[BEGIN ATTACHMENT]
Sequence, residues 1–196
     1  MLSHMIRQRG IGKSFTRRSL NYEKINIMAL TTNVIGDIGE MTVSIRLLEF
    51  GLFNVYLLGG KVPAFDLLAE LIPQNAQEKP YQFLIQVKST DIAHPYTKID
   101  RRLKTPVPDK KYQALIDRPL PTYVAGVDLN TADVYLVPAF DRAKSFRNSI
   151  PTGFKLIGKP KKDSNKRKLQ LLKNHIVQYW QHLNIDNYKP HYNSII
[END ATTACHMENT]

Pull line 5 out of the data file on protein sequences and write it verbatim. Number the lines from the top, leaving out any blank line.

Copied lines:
   151  PTGFKLIGKP KKDSNKRKLQ LLKNHIVQYW QHLNIDNYKP HYNSII